Circular on application of profit split method under Income Tax

Income Tax Circular Number 02/2013 dated 26th March 2013

Sub: Circular on application of profit split method
It has beel blought to the notice of CBDT that clarification is needed for selection of profit split method (PSM) as most appropriate method. The issue has been examined in CBDT. lt’is hereby clarified that while selecting PSM as the most appropriate method, the following pointsmay be kept in mind:
1. Since there is no correlation between cost incurred on R&D activities and return on an
intangible developed through R&D activities, the use of transfer pricing methods [like Transactional Net Margin Method] that seek to estimate the value of intangible based on
cost of intangible development (R&D cost) plus a return, is generally discouraged.
2. Rule 10B (1)(d) of Income Tax Rules 1962 (the Rules) provides that profit split method
(PSM) may be applicable mainly in international transactions involving transfer of unique
intangibles or in multiple international transactions which are so interrelated that they
cannot be evaluated separately for the purpose of determining the arm’s length price of
any one transaction. The PSM determines appropriate return on intangibles on the basis
of relative contributions made by each associated enterprise.
3. Selection and application of PSM will depend upon following factors as prescribed under
Rule 10C(2) of the Rules:

  • the nature and class of the international transaction;
  • the class or classes of associated enterprises entering into the transaction andthe functions performed by them taking into account assets employed or to be employed and risks assumed by such enterprise;
  • the availability, coverage and reliability of data necessary for application of the method;
  • the degree of comparability existing between the international transaction and the uncontrolled transaction and between the enterprise entering into such transactions;
  • the extent to which reliable and accurate adjustments can be made to account for differences, if any, between the international transaction and the comparable uncontrolled transaction or between the enterprise entering into such transactions;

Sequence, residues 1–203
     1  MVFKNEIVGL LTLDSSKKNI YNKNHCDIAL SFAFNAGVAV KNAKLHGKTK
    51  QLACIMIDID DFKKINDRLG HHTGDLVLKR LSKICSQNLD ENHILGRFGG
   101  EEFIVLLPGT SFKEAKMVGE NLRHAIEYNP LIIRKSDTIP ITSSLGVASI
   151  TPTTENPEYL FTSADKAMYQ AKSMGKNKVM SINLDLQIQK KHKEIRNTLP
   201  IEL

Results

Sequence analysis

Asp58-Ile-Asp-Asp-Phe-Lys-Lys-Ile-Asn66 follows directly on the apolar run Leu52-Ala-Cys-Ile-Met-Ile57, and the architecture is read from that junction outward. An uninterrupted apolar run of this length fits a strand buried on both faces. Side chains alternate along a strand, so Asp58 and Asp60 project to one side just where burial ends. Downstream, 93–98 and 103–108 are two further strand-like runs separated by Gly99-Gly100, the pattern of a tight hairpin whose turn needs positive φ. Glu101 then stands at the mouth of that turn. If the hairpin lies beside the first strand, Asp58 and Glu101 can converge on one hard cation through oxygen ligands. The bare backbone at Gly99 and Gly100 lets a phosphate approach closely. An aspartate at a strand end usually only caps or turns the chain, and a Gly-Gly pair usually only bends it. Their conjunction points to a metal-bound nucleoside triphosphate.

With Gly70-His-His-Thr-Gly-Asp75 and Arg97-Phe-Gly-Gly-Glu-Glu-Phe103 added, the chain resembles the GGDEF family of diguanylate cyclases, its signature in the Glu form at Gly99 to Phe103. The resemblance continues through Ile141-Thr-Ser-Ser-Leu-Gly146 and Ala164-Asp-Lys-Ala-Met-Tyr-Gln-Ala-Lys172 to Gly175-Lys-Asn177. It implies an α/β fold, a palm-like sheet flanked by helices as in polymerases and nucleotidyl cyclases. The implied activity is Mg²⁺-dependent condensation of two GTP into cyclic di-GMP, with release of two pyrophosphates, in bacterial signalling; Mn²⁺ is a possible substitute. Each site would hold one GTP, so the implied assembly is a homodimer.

• the nature, extent and reliability of assumptions required to be made in application of a method. 

4. lt is evident from the above that Rule 10C (2) of the Rules stipulates availability, coverage and reliability of data necessary for the application of the method as one of the severalfactors in selection of most appropriate method. Accordingly, in a case, where the Transfer Pricing Officer (TPO) is of view that PSM cannot be applied to determine the arm’s length price of international transactions involving intangibles due to nonavailability of information and reliable data required for application of the method, he must record reasons for non-applicability of PSM before considering TNMM or comparable uncontrolled price method (CUP) as most appropriate method depending upon facts and circumstances of the case.

5. Application of Profit Split Method requires information mainly about the taxpayer and associated enterprises. Section 92D of the lncome-tax Act, 1961 provides for maintenance of relevant information and documents by the taxpayer as prescribed under Rule 10D of the Rules. Therefore, there should be good and sufficient reason for nonavailability of such information with the taxpayer.
6. Depending upon facts and circumstances of the case, TPO may consider TNMM or CUP method as appropriate method by selecting comparables engaged in development of intangibles in same line of business and make upward adjustments taking into account
transfer of intangibles without additional remuneration, location savings and location speciflc advantages.
The above may be brought to the notice of all concerne


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